Reminder: Technically, Too Big To Fail Is Not Actually A Thing
May 31, 2012 10 Comments
Despite its almost comically hypermelodramatic title, there’s little to argue with in Simon Johnson’s post Jamie Dimon And The Fall Of Nations at Baseline Scenario. Little, that is, if you let this slide:
This bank [JP Morgan] is “too big to fail” – meaning that if it were to get into difficulties, substantial financial support would be provided by the Federal Reserve System (and perhaps other parts of government) to prevent it from collapsing.
This is stated so matter-of-factly it’s possible to gloss over it as you’re reading without quite stopping to ask…well, I mean…Huh?
Here’s the thing. I looked in my pocket copy of the U.S. Constitution for the section on “too big to fail”. Didn’t find it. Curious, I went over to the Stanford campus and borrowed Finance Professor Anat Admati’s textbook on introduction to banking. Turning to the index, I looked for Too big to fail and Fail, Too big to. Not there. The plot thickened.
When did we all agree that “too big to fail” was an objective thing that we weren’t going to argue with any longer? I’m still here. I’m still arguing.
JP Morgan is a company. There is a thing that can happen to companies when they can’t pay their bills for whatever reason, which is that they can declare bankruptcy. I am sorry, but that is the established process. If you are arguing for some other process, there is no legal basis for it, so you’re the one with the burden of proof, not me. Fuck this too big to fail bullshit already. I’ll see your too big to fail and raise you one chapter 11.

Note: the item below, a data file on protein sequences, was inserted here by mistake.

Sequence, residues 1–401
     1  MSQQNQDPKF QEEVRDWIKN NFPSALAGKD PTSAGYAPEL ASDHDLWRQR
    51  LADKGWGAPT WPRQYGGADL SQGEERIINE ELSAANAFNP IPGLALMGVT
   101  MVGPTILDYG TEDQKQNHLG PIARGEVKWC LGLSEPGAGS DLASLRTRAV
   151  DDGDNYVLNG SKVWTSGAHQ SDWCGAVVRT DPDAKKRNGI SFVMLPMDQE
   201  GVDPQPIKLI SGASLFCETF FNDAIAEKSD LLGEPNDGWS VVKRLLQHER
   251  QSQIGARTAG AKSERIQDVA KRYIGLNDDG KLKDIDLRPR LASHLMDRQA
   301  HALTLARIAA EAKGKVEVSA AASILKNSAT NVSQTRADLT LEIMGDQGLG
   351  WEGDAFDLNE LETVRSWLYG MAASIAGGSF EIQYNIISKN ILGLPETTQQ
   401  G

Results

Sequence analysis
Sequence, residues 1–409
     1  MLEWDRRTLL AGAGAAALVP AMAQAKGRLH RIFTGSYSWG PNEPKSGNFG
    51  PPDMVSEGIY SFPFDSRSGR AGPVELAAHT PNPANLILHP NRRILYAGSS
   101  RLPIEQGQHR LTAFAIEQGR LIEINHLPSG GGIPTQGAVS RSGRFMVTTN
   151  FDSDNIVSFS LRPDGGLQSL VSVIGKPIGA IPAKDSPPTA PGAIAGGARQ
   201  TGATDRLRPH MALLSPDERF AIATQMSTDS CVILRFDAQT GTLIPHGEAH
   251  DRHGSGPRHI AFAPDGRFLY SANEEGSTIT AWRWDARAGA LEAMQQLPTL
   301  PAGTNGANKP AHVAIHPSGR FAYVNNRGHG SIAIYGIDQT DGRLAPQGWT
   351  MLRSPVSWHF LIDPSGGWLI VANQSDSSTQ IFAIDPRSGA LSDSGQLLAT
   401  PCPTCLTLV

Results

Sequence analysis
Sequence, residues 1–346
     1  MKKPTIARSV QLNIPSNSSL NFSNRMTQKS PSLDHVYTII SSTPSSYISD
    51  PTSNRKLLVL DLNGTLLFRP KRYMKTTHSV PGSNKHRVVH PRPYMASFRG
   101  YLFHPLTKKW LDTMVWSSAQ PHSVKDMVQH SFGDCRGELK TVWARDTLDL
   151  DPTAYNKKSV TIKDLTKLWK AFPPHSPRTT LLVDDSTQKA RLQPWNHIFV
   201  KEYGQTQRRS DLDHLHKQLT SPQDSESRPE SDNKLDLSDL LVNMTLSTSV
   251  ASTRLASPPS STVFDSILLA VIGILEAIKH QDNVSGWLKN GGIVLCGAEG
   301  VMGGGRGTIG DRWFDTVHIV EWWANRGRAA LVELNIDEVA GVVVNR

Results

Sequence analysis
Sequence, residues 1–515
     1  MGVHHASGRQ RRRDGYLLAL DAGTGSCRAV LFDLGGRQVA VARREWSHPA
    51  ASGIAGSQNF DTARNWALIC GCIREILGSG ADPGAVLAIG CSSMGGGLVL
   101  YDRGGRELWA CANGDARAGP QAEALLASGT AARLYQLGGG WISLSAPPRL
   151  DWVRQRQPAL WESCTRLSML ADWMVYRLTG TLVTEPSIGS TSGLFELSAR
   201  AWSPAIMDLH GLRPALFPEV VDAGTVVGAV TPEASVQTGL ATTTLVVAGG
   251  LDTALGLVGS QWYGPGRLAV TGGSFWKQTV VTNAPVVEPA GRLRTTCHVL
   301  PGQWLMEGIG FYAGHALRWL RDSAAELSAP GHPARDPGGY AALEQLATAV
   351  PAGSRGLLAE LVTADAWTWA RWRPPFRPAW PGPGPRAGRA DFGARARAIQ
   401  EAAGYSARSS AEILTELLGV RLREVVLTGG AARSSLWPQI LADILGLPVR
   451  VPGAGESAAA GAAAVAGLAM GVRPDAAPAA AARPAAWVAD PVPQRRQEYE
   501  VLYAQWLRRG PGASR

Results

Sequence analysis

In fact this is something both left and right should (supposedly) agree on right? We’re all mad about the bailouts aren’t we? Isn’t the consequence of being mad about bailouts supposed to be, fuck bailouts? How did things get so convoluted that when everyone got mad about bailouts we proceeded directly to assuming bailouts were business as usual unchangeable facts of life?
And the thing is, if you take away this “too big to fail” nonsense, the rest of Simon Johnson’s article basically becomes moot. Try it at home. No too big to fail, no perverse asymmetric banker incentives to lead to Our Nation’s Fall. Done. Problem solved.
Now I know what you’re going to say, you’re going to say that I’m being dumb/naive because ‘realistically’, under the current political-economy context we have in place, Congress is very very very likely to treat certain banks as “too big to fail”, JP Morgan among them. Fair enough. So, we can both agree we have a problem on our hands, which is, and let me try to state the problem fully not partially, When (a) [certain stuff e.g. a bank blowup] happens, (b) Congress will [bailout/other stuff that treats a bank as "too big to fail"], (c) costing us money and probably also leading to the ill effects/incentives Simon Johnson talks about.
But let’s not forget that solutions to this problem (and avoiding (c)) can involve addressing/preventing (a), as most of conventional wisdom seems to be trying to do (futilely, IMHO), or they can involve addressing (b). All I am saying here is, give (b) a chance. It’s not like anyone’s making me super confident they have a good solution to (a) after all.